In August, 1987, Jeanne and I moved to Ouagadougou, Burkina Faso, West Africa, so Jeanne could teach American Studies at the University of Ouagadougou. She had received a Fulbright Grant and we had decided to go to a part of the world rarely visited by Americans and one which practised animism among 60% of its population.
I helped choose the destination for Jeanne’s work because of all the African art that I had studied at the University of South Alabama where I took at least one course on African Art, Burkina Faso was the place whose sculptures most impressed me.
I am bringing this up because while there from August, 1987, to the following June, 1988, I completed approximately seventy-five drawings. Only four were 52″ x 72″ in size, all others were generally a lot smaller. Of the four drawings made on that scale while living in Africa, one, “Zogona Neighborhood” was purchased by Pauline Julia and ended up in France. As far as I know it survives today. I brought three drawings of that size back with me and one, the mask dance piece, was sold to Steve St. Germaine of New Orleans and it survived Hurricane Katrina. The other two pieces, “Ougadougou Traffic” and “Ouagadougou Marche” were wiped out by Hurricane Katrina.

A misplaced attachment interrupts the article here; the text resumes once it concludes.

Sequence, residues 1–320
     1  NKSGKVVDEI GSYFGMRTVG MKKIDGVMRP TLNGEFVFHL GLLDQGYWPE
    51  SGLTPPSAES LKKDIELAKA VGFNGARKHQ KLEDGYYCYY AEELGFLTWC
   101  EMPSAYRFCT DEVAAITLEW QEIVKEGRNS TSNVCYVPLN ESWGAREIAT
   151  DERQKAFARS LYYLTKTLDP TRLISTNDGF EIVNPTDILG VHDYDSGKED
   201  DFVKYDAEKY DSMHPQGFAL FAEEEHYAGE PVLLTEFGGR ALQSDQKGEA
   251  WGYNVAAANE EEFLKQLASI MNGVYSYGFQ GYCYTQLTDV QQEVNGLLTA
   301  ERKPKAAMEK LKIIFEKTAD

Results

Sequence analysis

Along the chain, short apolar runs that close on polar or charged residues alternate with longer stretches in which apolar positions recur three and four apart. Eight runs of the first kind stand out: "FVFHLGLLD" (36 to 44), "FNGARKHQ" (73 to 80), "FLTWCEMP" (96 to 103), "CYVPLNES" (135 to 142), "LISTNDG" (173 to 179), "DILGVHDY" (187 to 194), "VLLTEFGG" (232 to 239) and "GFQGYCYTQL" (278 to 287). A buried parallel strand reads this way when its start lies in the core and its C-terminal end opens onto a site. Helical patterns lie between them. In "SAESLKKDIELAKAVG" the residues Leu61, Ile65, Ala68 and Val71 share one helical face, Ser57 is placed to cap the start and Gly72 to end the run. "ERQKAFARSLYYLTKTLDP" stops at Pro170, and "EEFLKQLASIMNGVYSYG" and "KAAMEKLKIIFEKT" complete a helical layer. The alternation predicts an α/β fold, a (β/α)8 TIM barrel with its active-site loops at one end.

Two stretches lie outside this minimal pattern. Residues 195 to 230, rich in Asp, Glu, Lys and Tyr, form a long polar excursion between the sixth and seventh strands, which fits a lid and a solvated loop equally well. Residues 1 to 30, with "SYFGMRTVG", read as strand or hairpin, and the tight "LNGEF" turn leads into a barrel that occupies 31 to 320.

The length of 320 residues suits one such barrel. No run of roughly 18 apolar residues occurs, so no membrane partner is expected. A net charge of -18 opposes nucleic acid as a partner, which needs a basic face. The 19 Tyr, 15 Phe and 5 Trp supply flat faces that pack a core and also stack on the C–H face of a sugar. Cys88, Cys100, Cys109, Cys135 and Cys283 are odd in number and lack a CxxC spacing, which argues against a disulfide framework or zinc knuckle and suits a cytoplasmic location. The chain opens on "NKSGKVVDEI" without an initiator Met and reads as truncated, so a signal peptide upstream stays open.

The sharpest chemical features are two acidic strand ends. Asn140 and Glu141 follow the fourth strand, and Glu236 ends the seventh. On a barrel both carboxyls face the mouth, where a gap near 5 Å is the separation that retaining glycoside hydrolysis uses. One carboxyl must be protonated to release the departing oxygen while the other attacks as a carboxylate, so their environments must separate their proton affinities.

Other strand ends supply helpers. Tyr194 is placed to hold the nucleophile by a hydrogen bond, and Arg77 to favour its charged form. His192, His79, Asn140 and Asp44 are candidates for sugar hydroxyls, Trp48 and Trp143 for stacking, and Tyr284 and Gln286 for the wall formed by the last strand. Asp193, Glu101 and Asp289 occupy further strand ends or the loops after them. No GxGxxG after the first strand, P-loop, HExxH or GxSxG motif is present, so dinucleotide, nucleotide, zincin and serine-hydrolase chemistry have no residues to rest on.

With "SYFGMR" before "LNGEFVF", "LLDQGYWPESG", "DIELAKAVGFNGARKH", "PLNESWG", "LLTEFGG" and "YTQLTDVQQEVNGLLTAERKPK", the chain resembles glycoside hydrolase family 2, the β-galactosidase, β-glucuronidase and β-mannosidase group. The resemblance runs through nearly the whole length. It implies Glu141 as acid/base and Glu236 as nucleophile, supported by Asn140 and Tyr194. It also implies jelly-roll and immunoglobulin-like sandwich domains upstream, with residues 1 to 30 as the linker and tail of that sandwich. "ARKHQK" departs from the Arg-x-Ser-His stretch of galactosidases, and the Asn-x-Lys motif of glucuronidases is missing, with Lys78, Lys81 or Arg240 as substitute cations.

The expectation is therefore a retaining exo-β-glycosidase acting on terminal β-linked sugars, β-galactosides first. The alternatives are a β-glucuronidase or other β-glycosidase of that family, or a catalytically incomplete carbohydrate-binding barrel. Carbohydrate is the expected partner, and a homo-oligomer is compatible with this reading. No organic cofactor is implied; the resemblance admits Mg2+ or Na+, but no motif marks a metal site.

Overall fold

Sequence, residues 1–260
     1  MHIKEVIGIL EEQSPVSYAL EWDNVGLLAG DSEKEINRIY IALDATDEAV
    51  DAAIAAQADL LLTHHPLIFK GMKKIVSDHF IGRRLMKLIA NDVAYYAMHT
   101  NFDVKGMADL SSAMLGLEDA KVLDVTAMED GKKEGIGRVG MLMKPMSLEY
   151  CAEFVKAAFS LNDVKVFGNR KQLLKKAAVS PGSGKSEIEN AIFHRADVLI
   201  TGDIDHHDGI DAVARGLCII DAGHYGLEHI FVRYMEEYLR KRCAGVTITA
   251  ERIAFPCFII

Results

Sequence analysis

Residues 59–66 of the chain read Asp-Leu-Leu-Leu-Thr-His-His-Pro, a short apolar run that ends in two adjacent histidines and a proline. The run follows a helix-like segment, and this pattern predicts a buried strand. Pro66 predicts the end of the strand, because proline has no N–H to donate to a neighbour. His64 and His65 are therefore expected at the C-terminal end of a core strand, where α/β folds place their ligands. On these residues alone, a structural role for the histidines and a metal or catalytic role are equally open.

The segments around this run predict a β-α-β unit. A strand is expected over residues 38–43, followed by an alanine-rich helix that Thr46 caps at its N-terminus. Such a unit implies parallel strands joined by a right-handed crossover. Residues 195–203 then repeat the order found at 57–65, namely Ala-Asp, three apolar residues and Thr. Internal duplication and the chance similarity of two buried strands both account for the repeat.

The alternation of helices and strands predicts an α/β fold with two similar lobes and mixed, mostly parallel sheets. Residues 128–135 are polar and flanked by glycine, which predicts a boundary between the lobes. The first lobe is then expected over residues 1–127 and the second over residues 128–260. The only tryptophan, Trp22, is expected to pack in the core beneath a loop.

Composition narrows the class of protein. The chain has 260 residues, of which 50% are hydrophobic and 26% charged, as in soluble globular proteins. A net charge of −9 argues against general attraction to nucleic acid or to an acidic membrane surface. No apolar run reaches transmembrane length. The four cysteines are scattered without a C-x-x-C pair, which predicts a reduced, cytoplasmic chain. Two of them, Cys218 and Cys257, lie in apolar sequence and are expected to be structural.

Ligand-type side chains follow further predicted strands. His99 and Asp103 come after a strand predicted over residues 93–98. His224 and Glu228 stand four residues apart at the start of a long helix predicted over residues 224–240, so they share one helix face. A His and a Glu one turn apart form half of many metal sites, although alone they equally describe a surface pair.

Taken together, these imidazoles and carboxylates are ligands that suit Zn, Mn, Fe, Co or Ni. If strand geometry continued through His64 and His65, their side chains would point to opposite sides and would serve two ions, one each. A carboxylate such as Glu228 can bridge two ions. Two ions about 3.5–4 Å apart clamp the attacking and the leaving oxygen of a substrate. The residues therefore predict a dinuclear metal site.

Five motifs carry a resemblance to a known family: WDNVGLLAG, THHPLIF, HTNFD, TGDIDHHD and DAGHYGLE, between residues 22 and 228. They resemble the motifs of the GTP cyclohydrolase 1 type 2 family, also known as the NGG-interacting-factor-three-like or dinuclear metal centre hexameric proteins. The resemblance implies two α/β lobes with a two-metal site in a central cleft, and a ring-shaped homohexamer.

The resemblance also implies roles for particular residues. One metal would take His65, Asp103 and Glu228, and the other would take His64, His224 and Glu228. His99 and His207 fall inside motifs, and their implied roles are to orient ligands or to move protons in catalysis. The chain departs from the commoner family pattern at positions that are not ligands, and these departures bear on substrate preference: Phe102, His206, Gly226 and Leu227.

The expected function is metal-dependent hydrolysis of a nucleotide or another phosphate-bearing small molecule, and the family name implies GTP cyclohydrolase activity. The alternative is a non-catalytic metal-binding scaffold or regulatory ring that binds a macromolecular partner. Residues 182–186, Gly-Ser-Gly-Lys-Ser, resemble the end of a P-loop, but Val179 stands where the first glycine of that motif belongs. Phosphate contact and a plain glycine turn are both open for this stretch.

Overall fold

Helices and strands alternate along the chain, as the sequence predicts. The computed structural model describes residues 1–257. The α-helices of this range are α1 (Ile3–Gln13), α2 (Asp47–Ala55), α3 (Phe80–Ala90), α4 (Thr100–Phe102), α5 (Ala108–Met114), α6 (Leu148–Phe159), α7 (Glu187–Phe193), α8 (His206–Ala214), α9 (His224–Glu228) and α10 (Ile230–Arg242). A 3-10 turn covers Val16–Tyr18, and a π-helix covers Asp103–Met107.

So the mask dance piece owned by Steve St. Germaine is the only large-scale drawing I made in Africa which survives in the United States.
Steve is moving to a smaller house and needs to sell this piece. Trailer McQuilkin, who has been a dealer of mine since the 1980s, is handling the sale. He is asking $6000 for the piece, which includes a large frame custom-made for it which has protected it all these years.
I am unable to include a photo of this piece at this time. The photo of it not taken by me will not upload to this site. However, I can easily access a mask dance drawing made a year or two later in America which would resemble it to some extent. I’ll include it here.